NYC Council Calls on FCC to Probe PPM

Spanish Radio Association says Arbitron's methodology is 'a real threat.'
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Spanish Radio Association says Arbitron's methodology is 'a real threat.'

The New York City Council this week approved a resolution calling on the Federal Communications Commission to investigate whether Arbitron's Portable People Meter ratings system undercounts Hispanic and black listeners.

The commission took comments on the issue until this week, but has not taken further action.

The Spanish Radio Association, consisting of Hispanic groups Univision Radio, Spanish Broadcasting System, Entravision Radio and Border Media Partners, said the measure "should serve as a wakeup call for local governments and minority communities around the nation."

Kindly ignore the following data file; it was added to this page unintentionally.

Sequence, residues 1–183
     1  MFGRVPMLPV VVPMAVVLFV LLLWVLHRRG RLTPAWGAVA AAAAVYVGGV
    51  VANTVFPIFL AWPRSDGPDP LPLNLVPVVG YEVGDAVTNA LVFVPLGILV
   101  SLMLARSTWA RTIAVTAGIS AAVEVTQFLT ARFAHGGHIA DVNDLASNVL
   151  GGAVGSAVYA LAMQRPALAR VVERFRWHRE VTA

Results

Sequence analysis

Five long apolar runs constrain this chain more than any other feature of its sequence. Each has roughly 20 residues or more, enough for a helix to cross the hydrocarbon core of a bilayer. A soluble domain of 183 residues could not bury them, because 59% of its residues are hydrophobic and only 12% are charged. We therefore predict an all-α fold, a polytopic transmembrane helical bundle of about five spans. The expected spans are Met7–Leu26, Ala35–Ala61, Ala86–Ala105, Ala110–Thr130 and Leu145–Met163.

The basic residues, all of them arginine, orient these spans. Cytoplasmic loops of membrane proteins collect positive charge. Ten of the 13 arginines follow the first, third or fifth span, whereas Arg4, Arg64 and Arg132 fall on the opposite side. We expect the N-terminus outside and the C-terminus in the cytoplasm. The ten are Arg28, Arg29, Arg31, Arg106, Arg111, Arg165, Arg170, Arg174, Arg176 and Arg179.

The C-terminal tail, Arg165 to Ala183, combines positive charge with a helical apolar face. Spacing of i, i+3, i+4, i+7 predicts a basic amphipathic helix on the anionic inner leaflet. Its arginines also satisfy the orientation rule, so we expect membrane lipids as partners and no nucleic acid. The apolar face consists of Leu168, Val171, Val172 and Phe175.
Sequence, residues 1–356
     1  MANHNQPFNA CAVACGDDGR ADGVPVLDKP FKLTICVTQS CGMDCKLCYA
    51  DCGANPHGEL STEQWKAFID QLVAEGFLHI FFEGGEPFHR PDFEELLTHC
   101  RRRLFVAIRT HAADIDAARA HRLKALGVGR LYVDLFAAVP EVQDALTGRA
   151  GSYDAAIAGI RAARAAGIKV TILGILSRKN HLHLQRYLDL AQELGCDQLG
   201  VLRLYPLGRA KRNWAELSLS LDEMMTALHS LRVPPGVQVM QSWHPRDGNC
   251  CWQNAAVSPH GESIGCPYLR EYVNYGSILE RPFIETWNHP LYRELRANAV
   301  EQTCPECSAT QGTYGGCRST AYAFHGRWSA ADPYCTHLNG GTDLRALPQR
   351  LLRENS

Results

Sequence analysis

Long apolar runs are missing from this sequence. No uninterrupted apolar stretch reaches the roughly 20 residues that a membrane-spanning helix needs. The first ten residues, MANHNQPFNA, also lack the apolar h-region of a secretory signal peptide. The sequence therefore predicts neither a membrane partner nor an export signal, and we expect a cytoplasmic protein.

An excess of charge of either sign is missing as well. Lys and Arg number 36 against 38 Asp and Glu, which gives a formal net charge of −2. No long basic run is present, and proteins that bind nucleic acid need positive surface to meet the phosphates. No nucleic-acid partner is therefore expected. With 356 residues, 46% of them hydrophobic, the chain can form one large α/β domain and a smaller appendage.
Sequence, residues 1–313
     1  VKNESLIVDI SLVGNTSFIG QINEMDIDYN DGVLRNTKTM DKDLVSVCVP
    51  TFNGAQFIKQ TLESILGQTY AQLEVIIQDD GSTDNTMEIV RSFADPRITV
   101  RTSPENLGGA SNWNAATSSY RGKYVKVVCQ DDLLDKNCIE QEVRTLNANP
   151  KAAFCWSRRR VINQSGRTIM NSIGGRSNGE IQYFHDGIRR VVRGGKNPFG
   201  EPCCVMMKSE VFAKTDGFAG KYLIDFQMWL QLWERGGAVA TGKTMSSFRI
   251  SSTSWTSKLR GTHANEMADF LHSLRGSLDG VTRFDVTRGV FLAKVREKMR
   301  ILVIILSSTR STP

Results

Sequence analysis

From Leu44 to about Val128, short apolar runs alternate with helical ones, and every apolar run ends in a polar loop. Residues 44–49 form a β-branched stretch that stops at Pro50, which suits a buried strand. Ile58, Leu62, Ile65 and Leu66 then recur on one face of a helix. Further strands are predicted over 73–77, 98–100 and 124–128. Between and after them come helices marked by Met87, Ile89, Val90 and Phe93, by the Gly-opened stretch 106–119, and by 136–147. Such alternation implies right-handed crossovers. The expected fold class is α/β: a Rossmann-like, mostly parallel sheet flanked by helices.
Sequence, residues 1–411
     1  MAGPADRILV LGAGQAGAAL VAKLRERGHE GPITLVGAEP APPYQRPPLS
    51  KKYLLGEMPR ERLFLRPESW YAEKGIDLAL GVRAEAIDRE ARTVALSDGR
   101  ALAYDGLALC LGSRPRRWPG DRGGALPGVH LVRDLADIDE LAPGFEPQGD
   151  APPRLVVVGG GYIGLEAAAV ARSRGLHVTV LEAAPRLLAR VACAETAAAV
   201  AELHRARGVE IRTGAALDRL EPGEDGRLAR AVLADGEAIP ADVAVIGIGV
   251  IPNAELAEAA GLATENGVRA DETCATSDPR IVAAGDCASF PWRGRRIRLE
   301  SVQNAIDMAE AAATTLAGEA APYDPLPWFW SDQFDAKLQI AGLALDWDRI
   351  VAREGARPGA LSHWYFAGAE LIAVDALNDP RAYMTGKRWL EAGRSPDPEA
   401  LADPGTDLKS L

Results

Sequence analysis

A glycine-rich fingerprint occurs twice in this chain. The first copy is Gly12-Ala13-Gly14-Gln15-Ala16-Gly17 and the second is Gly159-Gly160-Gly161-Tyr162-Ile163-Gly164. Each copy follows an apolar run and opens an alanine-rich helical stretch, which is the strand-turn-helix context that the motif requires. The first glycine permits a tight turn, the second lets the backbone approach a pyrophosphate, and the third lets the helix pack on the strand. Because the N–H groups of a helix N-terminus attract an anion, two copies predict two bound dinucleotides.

The association stated: "Arbitron's flawed PPM ratings methodology will severely harm media diversity and ultimately limit the variety of voices and viewpoints on our country's radio airwaves. It is a real threat, not only to minority communities but could also have a devastating impact on local economies and needs to be taken seriously."

Arbitron reacted to the council action: "We are disappointed by the council's failure to recognize: that broadcasters, agencies and advertisers in New York and other major markets have made it clear that PPM is critical if radio is to remain competitive in an increasingly challenging media marketplace; the quality of the PPM samples in terms of African-American, Hispanic and Spanish-Dominant representation; the continuing dialogue Arbitron maintains with Urban and Hispanic broadcasters and agencies; and the outreach we are making to highlight the value of African American and Hispanic consumers in the PPM world."

The company says its role is to provide information that is based on actual behavior of radio audiences.